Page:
Tag Archives: hernia


herniaAt first, I put it down to pasta.

Then croissants, lattes and wholegrain rice.

It started with a slow but distinct rumbling and gurgling in my stomach and I thought no more of it.

Until it started to grow.

The upshot is, I have a hernia. I mean, what? Huh? How?

I’ve been to my Doctor and I’m waiting for a scan (‘the same one you get when you’re pregnant. You’re not pregnant are you?’ chirruped my Doctor, as I chuckled), but this lump in my stomach doesn’t seem to want to wait and grow at a semi-decent rateĀ  – it’s morphed from a cute little egg-size into a full-blown grapefruit in the space of weeks.

And it moves. Even the Doctor was impressed, and she’s probably seen everything, warts and all.

Of course, as with MS, I’ve been inundated with horror stories – aunties and uncles who ended up strangling their hernias or being strangled by them, hernias that popped, hernias that led to … more hernias. There’s even support groups out there, filled with more horror stories, along with some excellent advice (I am awaiting a hernia support belt – extra strong – as I write).

To be honest, it’s uncomfortable in the extreme. I may as well have a brick strapped to my stomach. I look weird in the mirror, my podgy belly is still there, but now with a pronounced lump on top of it.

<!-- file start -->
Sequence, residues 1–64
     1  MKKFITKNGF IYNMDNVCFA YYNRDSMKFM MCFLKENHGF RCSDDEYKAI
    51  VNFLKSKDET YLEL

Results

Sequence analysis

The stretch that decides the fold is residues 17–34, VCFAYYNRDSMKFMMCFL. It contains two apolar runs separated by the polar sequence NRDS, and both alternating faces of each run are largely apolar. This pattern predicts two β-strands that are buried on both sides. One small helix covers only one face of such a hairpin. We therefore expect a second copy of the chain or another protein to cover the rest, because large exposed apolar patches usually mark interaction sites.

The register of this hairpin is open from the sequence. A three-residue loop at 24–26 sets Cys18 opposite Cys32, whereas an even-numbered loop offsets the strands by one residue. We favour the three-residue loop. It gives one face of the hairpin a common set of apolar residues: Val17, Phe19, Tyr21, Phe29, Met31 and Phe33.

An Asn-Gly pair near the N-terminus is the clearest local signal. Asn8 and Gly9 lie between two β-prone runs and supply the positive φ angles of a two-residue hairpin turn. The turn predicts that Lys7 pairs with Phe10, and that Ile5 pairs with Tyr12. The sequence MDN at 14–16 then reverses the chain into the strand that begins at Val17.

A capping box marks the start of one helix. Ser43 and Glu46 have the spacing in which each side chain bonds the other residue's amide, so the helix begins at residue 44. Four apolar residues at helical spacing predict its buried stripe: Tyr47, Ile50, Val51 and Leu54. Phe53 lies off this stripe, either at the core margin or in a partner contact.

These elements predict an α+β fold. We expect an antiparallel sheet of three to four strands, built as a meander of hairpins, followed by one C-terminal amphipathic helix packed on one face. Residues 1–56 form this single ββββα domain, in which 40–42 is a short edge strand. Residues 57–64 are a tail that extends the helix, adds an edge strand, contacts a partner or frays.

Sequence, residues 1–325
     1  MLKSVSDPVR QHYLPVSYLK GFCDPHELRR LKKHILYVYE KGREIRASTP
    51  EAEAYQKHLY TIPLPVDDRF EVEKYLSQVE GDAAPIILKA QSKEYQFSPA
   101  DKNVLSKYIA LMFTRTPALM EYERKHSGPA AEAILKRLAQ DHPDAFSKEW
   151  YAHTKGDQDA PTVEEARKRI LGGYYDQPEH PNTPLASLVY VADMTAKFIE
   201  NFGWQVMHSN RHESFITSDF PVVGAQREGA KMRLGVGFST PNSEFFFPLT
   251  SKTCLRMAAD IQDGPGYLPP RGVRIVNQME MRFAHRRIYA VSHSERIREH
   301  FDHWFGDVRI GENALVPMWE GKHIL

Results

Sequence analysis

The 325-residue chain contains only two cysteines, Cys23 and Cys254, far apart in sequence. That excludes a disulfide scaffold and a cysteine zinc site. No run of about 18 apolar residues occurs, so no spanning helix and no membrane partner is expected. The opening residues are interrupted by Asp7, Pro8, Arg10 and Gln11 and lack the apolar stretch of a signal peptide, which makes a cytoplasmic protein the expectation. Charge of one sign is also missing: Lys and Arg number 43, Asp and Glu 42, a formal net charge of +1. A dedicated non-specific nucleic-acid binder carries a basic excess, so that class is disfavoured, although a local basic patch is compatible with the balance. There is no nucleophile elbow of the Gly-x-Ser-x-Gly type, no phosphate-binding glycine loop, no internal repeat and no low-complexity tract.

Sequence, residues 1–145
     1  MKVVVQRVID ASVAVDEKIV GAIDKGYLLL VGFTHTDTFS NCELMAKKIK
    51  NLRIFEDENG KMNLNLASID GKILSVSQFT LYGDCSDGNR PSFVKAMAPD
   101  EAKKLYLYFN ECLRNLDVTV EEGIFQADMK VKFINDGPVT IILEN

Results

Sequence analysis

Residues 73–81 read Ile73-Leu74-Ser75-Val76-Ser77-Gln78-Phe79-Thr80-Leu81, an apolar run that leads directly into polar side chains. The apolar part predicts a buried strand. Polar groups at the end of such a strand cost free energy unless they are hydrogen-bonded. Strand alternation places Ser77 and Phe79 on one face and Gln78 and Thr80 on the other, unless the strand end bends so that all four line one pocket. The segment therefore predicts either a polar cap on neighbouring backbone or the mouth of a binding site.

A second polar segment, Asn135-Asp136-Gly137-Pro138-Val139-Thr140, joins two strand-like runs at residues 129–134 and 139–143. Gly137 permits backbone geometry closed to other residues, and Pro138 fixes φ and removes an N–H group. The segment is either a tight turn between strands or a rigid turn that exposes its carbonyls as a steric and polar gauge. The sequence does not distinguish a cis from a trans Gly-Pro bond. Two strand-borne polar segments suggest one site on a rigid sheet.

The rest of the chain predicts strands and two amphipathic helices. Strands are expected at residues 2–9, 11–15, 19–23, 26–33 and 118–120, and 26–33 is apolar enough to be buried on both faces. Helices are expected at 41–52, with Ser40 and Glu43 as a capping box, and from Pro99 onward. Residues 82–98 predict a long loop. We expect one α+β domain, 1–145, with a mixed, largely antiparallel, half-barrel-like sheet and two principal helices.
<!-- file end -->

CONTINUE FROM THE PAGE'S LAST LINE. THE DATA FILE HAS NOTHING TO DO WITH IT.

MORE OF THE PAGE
In a bid to embrace this unexpected addition to my already raddled body, I’ve decided to name my hernia Phyllis. My MS has many names, most of which are too rude to publish. More often than not, it’s a malign shadow – the exact replica of my body, but completely different when it moves.

And that’s the great thing about hernias! Yup, there is one. It’s got a definable path. I know what to expect. I’ll most likely have a quick operation, where the Doctors open me up and squish everything back inside then staple me back together. Or strap me up with gaffer tape. I don’t mind, I’m easy.

It’s refreshing in a way. Like having a cut I know will heal. Or a headache I can take a tablet for. So although it’s dominating my life at the moment, it’s temporary and it will go.

Wouldn’t it be amazing if we can one day say the same for MS?

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